Written By: Eliza Berman
The story of Frasier the lion might have ended gruesomely. At the age of 19—the human equivalent of 75—and no longer of use to the Mexican circus that owned him, he faced a preemptive death. But fate twisted kindly for the aging lion. In 1972, he ended up south of Los Angeles at Lion Country Safari, along with a group of other wild cats that had been sent north for a new life.
From the way LIFE Magazine described him, the staff at Lion Country likely expected Frasier to live out his days in a lazy retirement. “He is underweight and splay-footed,” the editors wrote. “His fur resembles an old moth-balled coat, and he sleeps 19 hours a day. The muscles in his tongue are so shot that it unreels from his mouth like a slobbery red carpet.”
But, as LIFE interjected, “appearances aren’t everything.” Frasier was quickly placed on a special diet replete with vitamins, and he began to put on some weight. Much to his handlers” surprise, he then became a hit with the lionesses. Within one day of meeting him, the same lionesses that refused to mate with several young guns “were sprawled protectively around Frasier,” bringing him choice meats at mealtime and waiting to eat until he was finished. Seven weeks later, they were all pregnant. Within 16 months, he had fathered 33 cubs.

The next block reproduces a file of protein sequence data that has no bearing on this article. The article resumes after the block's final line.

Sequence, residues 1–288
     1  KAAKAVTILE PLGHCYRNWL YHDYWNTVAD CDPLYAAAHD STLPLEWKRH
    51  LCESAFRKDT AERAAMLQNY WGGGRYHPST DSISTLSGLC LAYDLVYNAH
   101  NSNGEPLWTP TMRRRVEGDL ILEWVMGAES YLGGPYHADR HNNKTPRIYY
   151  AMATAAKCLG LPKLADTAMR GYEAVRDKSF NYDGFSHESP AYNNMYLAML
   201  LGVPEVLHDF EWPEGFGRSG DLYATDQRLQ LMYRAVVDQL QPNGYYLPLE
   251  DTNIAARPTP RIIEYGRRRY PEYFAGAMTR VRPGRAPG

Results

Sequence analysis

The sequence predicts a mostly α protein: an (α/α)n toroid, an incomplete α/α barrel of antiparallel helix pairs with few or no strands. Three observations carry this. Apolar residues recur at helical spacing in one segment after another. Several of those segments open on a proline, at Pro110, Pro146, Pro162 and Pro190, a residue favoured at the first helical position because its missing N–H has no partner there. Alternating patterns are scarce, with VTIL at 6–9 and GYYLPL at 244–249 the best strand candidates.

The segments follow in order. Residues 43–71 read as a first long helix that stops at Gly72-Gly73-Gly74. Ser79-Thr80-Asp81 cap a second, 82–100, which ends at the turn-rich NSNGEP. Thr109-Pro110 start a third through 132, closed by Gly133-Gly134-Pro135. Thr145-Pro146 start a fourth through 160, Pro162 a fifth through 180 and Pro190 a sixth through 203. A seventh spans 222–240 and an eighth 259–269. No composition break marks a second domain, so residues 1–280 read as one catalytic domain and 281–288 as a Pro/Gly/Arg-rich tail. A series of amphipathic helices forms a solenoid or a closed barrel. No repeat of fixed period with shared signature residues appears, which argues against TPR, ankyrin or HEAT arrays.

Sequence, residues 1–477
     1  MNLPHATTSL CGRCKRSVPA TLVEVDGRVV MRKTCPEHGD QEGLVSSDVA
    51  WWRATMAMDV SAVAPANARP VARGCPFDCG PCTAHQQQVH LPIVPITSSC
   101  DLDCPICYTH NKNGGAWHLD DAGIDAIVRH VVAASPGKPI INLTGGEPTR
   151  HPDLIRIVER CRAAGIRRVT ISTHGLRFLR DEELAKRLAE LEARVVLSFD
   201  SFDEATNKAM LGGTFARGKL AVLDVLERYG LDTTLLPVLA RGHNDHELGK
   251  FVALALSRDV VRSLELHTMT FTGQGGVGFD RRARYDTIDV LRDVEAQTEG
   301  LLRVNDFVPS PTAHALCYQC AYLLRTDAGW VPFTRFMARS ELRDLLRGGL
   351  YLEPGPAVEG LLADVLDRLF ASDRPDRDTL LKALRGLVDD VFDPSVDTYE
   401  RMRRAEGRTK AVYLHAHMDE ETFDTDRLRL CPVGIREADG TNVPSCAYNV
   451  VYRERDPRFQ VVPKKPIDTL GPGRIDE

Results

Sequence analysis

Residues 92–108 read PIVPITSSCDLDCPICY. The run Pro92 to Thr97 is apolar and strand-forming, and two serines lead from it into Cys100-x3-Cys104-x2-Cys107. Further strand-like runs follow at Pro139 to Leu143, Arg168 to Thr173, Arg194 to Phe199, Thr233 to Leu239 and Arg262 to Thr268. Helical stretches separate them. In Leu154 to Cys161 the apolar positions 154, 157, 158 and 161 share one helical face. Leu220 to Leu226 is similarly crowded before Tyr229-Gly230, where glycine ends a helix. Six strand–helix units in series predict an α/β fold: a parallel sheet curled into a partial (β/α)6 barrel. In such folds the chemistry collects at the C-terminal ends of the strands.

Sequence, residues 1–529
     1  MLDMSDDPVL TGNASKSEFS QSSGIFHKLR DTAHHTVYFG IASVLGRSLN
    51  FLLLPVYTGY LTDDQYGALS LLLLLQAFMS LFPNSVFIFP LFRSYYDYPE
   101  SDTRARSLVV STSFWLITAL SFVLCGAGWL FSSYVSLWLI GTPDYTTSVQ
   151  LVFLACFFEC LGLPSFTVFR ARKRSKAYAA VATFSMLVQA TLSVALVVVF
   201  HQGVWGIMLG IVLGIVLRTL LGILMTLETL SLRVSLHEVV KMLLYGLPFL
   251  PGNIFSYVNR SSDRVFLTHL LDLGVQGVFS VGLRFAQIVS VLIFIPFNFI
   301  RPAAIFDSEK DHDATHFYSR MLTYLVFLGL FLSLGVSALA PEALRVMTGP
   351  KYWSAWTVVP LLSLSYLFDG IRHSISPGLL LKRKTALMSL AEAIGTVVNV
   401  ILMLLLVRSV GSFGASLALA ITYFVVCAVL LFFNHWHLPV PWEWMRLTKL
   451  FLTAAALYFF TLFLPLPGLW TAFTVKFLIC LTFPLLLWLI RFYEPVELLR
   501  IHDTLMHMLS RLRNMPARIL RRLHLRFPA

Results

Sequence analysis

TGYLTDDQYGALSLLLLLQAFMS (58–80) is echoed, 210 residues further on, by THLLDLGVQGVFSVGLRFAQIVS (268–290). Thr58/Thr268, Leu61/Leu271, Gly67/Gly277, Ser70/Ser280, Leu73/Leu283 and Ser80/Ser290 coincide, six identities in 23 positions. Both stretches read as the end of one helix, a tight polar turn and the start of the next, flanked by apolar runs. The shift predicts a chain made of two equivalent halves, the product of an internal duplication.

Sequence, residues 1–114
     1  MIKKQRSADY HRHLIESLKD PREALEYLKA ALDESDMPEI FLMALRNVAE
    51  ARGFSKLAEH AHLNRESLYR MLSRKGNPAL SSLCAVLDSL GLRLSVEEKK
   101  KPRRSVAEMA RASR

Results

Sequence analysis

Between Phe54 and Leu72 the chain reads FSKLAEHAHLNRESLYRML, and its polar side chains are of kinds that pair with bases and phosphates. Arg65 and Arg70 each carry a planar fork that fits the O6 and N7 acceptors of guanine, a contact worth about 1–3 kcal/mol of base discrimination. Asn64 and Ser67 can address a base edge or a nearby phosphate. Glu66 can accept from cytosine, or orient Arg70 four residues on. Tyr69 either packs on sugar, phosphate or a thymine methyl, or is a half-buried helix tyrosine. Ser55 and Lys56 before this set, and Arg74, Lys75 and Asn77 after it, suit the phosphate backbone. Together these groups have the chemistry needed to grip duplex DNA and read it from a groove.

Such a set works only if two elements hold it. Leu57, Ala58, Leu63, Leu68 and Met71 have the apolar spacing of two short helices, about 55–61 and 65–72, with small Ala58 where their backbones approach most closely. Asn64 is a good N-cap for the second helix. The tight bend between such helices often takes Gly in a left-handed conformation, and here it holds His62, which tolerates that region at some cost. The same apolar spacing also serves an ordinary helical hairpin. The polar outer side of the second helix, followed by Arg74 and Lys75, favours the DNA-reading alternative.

LIFE called him “the country’s reigning sex simba.” Frasier fan clubs sprung up, sending the lion more than 1,500 letters each month and purchasing t-shirts and bumper stickers emblazoned with his face.
Frasier’s virility was not entirely unusual for a lion, and its continuation into old age may be explained, at least in part, by a life in the circus, where there were no other lions to compete with. When Frasier died of pneumonia in July, 1972, members of the Scottish Fraser clan performed traditional funeral rites, donning kilts and playing dirges on the bagpipes. He was buried beneath a cross on the grounds of Lion Country.
Liz Ronk edited this gallery for LIFE.com. Follow her on Twitter @lizabethronk.